They also traveled to the west coast where they met The Doors when they pulled up next to the Doors’ van outside the London Fog in Los Angeles. They played the Whisky A-Go-Go with Jim Morrison and The Doors (in 1965). This was a friendship lasting until Mr. Morrison’s death. Danny even has the iconic pair of leather pants that Mr. Morrison popularized. Heady times, all planned out and executed according to the vision. Danny said of this period, “We knew we were not the best band musically out there. But we didn’t want to be. We wanted the publicity and the media recognition to grow our band’s brand and name.” Mickey (Danny’s brother and fellow band member who was hung from the ceiling in a WWI Uniform and goggled leather flying helmet) said, “Danny was a master of promotion. He knew what he wanted to do and did it very, very well.”
The Close of the Sixties and the Creation of the Clubs
Danny’s instincts were about to carry him into a new and inspiring venture. In 1968, he decided to enter the nightclub business. He rented space on a month-to-month basis in a building in downtown Minneapolis, the site of the former club named Diamond Lil’s. The new club opened on New Year’s Eve of ’68. It was named Times Square.
His sense was to take a concept that he saw at the Whisky A-Go-Go in Los Angeles that had an all ages area and an adult drinking area. The club had national, as well as local acts booked for weekends (Friday, Saturday and Monday nights). The club became so popular with other national acts that when they were playing in town, the bands would come by to play after-hours at Times Square to the delight of the crowds and management. One of the biggest acts to perform in this way was Janis Joplin after Danny and the Reasons were her opening act earlier that evening when she played the Armory in 1969.
With this success, Danny’s Reasons were living large. Danny bought a 20 room mansion in the Minneapolis Kenwood neighborhood. Always the promoter, Danny had the only Rolls-Royce in town (a 1960 car that previously belonged to the Prince of Saudi Arabia) that he drove his acts and other dignitaries around to their and their labels’ delight. Danny actually got stranded with Janis Joplin in this Rolls after their Armory gig. Rolls had a nasty habit of having their keys breaking off in the ignition. This wasn’t a problem since Janis had a pair of tweezers that snatched the key from destruction. Ahh…livin’ large!
In the summer of 1969, Danny’s landlord said that he was selling the building, when Danny said “Sure, but what do I get out of it?” His landlord had a Class-A liquor license that he owned from the Hotel Hastings (at the time located behind the Orpheum). If Danny were to release him from the lease, he would give Danny the license. This may sound like a common business negotiated settlement, however, liquor licenses were not as readily available then as they are today. They had to be tied to a property or venue in the same city ward of their issue and could not be bought on the open market. Danny’s foresight got him the right to take this invaluable commodity (worth $300-400,000) and move it to a new home within the same ward.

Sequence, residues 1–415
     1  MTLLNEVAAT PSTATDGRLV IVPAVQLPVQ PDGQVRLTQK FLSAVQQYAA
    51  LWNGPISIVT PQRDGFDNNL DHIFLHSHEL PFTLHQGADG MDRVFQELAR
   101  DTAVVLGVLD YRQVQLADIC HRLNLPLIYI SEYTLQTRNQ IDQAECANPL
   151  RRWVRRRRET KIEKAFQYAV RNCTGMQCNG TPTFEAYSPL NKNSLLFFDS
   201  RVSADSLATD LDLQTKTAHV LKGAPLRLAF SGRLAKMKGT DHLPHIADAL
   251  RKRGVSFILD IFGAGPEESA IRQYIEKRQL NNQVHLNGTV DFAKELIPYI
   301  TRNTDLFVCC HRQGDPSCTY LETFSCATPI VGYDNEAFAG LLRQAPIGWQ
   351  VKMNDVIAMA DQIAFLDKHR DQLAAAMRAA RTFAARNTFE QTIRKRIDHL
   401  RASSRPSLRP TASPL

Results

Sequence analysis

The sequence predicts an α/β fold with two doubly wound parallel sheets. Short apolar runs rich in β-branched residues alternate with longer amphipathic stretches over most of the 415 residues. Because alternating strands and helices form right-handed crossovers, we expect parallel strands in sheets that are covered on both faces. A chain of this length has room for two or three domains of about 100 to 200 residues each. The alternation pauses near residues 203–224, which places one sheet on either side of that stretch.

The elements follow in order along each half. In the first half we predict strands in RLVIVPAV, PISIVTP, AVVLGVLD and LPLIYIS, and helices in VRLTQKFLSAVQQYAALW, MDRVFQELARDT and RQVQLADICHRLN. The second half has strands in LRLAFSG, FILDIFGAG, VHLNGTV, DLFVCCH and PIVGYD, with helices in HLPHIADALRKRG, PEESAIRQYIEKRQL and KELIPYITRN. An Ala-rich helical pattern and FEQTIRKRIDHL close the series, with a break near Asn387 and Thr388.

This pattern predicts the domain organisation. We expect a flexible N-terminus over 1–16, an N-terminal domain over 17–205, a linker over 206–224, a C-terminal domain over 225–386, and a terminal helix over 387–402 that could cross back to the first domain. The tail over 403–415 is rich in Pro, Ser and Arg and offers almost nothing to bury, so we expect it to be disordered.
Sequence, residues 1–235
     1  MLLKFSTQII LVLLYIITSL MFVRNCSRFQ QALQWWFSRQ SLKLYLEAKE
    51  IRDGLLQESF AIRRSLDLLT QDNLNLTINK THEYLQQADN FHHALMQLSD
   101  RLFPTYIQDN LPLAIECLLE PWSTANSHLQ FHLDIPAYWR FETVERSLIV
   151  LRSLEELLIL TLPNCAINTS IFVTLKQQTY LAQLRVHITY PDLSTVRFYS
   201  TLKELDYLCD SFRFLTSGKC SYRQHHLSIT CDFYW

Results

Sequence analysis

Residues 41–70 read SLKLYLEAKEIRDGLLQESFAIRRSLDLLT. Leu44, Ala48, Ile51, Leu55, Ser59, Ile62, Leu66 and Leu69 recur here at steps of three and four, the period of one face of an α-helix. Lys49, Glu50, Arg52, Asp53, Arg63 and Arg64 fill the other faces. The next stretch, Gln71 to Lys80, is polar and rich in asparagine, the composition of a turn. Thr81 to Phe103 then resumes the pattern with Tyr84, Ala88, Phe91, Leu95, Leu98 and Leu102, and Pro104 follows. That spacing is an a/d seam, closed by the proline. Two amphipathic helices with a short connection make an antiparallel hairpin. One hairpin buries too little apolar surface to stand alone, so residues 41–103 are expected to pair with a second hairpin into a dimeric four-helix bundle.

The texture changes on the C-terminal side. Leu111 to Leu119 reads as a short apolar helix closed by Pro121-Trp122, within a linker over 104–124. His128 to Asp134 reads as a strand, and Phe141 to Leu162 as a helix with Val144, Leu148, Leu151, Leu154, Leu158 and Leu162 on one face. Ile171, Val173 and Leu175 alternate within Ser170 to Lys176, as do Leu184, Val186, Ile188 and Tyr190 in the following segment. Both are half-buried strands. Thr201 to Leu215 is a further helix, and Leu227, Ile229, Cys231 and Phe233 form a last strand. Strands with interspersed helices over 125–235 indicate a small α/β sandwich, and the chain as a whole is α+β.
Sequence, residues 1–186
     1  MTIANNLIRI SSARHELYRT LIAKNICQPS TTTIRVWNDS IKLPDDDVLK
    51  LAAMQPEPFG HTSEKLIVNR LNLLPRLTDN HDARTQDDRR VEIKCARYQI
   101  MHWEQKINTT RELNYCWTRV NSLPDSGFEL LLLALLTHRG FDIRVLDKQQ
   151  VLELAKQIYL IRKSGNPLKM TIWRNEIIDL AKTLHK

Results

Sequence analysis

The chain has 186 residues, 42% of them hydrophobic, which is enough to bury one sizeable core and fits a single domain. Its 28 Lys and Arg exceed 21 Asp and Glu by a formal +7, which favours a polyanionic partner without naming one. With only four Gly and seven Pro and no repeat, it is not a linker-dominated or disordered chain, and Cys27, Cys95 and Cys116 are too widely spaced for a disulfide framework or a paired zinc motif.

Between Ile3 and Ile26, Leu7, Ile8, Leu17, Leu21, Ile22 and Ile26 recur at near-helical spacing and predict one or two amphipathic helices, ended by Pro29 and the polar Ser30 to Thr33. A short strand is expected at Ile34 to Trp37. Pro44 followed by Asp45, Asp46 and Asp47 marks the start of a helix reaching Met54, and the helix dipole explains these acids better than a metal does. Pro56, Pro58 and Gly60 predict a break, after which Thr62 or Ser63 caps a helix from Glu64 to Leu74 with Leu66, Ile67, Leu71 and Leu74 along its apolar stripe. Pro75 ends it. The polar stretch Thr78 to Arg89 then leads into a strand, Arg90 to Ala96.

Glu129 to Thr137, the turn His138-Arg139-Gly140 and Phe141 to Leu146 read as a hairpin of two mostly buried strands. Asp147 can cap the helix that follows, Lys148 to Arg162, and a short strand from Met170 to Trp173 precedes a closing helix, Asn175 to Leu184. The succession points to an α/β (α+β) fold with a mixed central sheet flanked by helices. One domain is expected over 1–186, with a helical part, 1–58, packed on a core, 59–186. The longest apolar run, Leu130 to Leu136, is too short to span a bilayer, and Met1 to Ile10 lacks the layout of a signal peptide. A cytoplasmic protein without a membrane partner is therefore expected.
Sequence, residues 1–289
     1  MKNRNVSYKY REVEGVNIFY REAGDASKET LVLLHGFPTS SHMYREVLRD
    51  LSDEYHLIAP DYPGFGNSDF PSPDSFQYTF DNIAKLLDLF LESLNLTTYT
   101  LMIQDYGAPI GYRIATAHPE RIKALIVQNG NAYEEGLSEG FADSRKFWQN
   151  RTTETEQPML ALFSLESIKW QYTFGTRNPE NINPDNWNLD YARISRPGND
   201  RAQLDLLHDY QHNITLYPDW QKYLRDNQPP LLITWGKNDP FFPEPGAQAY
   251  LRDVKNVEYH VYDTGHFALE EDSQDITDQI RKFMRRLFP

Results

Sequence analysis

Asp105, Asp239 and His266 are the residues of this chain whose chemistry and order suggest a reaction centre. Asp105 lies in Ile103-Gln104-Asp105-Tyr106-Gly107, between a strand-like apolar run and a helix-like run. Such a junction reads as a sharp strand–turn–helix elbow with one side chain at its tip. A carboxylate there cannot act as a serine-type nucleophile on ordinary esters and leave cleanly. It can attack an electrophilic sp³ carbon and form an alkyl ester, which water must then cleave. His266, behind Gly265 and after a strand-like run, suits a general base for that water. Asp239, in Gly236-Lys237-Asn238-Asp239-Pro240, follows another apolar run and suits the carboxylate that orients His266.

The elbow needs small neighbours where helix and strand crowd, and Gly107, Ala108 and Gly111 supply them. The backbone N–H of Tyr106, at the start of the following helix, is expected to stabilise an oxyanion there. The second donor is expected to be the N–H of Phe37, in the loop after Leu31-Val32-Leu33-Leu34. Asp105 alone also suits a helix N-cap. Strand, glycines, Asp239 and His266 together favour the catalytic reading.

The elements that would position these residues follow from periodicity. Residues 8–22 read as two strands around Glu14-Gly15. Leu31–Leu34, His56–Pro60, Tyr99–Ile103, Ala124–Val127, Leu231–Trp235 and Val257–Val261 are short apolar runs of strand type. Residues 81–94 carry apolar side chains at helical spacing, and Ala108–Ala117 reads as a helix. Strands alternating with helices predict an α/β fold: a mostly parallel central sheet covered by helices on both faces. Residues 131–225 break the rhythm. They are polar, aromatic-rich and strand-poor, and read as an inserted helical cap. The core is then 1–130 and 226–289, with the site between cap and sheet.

Danny had this instinctual idea to lease the abandoned Greyhound Bus Depot in downtown Minneapolis. The two brothers who owned the property, Ted and Marvin Mann, had no idea of what to do with the building since there was no Class A License that was available in that ward of the city…only Danny had one.
You have to remember, in the late ‘60s to the ‘70s, downtown Minneapolis was described by an article in the Minneapolis Tribune as “a somewhat seedy, diverse, nocturnal hand out for a horde of multi-aged Twin Cities residents…it matched the squalor of the movie, ‘Taxi Drivers’ Manhattan…drunks, junkies, prostitutes, young teenagers looking for kicks…” So, this was not a slam dunk. In fact, this was an attempt to turn this neighborhood into a first-class, destination venue.
Danny needed a partner that would enable him to outfit the building properly while he brought the license and his vision copied from the Whisky to fruition. His ’Society’ contacts were instrumental. “Papa” Joe Daszkiewicz, boxing promoter (he managed Scott Ladue until his death) and restaurateur of the Northern A-Go-Go (formerly the Northern Supper Club) initially wanted in, but backed out due to financial issues.
Then, Elizabeth Heffelfinger, the first woman in charge of the Republican National Convention, enthusiastically wanted to be a part of this revitalization project. Danny first played at one of her at-home events years before so there was an immediate trust. She was married to F. Peavey Heffelfinger, the chairman of a leading Minneapolis grain dealer, Peavey Mills.
Mrs. Heffelfinger said to Danny, “Do you like beer?” Danny said no. She however, pressed on. “You know, I know Bill Coors. We sell him all his grain. I am going to call him and get the exclusive rights to sell Coors beer at this club.” She did and he agreed. This may not sound like a big deal now since Coors is readily available everywhere. Back in the day Coors was considered a rare commodity. Coors was not available beyond a small five state region. In fact, when kids would go to Colorado for spring break, they would buy cases of Coors and sell them to people at a premium back east. So, this was epic.